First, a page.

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Can I Take My Children and Move Away From the Other Parent?

If there is no court order in place, there is nothing preventing your leaving. However, if the question is put in front of a judge or jury, you are very likely to be required to stay in the area where the other parent lives. Something to keep in mind, if there is no court order, and both parents are listed on the birth certificate, there is nothing to stop the other parent from taking the child and moving away from you, either. Generally, judges do not like parents that sneak off and leave the area without warning to the other parent, although I have known judges that had no problem with it.

If you are planning to leave with the children without warning, it would be a good idea for you to visit in depth with an attorney who regularly practices family law in your area. If you have a divorce decree or child custody order, this question has already been addressed. Look at the rights and duties listed near the front of the area. The section that states that you have “the right to designate the primary residence of the child” will either say “without regard to geographic location” or “within xxx”, for instance, within Harris and contiguous counties.

Does your divorce decree or child custody order already address this?

In most cases, if the other parent has moved out of the area, the order will contain a provision allowing you to move as well. If the order states that you have to stay in a given area, and the other parent is still in that area and you violate the order, you could be held in contempt of court. You could also lose the “right to designate the primary residence of the child”, meaning that the child could go to live with the other parent. Do you have a family law question that you would like to ask a Texas attorney? Post it in the comments section and it may be addressed in a future video.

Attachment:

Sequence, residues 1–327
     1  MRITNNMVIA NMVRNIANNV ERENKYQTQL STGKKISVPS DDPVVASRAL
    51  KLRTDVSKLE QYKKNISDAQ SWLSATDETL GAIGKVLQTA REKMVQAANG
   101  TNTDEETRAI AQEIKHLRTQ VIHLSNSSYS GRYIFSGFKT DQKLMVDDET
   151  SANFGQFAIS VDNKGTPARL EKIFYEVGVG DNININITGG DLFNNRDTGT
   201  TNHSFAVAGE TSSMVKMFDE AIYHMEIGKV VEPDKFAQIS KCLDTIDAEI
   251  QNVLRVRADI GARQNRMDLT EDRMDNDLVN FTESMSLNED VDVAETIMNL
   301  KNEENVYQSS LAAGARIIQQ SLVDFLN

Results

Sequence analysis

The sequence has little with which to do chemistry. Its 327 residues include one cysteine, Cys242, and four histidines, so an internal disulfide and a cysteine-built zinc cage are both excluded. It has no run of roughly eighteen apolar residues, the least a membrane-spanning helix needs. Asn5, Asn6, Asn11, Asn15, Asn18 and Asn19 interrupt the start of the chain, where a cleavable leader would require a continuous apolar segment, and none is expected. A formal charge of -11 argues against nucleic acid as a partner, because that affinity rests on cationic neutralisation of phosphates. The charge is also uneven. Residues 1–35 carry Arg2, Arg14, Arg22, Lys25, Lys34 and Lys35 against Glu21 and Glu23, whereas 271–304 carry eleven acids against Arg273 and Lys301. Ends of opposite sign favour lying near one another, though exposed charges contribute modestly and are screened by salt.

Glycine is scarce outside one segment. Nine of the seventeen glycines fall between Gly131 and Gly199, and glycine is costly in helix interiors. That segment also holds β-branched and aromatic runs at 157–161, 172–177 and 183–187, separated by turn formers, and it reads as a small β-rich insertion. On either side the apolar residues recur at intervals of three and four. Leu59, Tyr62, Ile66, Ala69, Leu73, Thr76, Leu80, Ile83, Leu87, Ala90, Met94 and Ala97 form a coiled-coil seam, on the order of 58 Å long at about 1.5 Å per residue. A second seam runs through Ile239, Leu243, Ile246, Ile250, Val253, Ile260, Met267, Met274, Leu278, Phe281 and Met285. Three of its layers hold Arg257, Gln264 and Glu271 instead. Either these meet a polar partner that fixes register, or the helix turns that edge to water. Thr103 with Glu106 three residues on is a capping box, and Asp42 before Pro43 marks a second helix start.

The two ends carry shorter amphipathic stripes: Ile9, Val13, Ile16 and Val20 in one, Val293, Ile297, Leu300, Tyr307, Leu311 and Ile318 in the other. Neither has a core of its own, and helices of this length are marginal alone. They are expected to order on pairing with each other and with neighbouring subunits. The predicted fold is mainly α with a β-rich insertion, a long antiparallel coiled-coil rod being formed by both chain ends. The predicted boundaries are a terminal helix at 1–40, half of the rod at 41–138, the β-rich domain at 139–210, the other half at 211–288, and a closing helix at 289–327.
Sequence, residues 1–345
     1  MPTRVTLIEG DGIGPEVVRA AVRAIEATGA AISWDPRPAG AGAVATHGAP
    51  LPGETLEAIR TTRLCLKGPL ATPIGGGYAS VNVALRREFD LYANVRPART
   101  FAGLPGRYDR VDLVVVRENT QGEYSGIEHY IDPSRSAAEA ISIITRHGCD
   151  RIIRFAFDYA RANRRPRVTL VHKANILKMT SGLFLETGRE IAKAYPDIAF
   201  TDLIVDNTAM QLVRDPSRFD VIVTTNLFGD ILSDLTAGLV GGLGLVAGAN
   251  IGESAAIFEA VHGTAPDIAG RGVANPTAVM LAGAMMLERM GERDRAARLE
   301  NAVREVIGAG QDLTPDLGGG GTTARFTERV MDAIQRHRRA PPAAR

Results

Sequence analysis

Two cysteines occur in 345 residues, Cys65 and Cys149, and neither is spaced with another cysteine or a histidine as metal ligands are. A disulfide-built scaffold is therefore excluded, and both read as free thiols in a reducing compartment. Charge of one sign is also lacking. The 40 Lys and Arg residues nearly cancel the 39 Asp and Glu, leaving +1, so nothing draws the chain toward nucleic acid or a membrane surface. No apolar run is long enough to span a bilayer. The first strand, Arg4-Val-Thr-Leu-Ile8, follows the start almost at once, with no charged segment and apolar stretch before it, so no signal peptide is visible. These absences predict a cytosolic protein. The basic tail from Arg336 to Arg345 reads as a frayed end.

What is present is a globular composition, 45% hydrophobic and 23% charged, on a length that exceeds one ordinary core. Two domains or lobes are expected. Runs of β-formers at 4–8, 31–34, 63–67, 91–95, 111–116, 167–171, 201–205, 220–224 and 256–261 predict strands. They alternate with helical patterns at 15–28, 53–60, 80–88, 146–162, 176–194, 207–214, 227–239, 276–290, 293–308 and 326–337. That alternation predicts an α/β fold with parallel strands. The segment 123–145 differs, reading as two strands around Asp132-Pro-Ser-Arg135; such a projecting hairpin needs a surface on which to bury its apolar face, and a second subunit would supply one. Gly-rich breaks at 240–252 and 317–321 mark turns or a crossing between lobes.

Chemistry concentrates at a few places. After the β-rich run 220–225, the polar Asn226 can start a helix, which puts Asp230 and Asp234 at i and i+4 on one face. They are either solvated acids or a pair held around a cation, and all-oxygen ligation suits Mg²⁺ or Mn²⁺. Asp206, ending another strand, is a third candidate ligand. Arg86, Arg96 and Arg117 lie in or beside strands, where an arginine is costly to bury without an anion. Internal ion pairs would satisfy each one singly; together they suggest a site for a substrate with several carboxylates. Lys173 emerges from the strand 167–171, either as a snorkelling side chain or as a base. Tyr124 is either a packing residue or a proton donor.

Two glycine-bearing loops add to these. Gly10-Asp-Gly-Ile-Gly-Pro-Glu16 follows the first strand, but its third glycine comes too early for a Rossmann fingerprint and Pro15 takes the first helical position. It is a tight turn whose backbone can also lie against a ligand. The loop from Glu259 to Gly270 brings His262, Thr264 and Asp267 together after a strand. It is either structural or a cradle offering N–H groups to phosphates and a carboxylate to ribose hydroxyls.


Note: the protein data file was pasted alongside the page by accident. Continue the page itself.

April 26, 2020

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This information pertains only to the state of Texas and not to any other state. This post or any other information found on this site does not constitute legal advice. This information is provided as general information only. These posts do not create an attorney-client relationship. Your own situation may differ from cases described here. Please seek counsel with a family law attorney before taking any legal action. (This is a law firm, you had to know there would be a legal disclaimer somewhere!)

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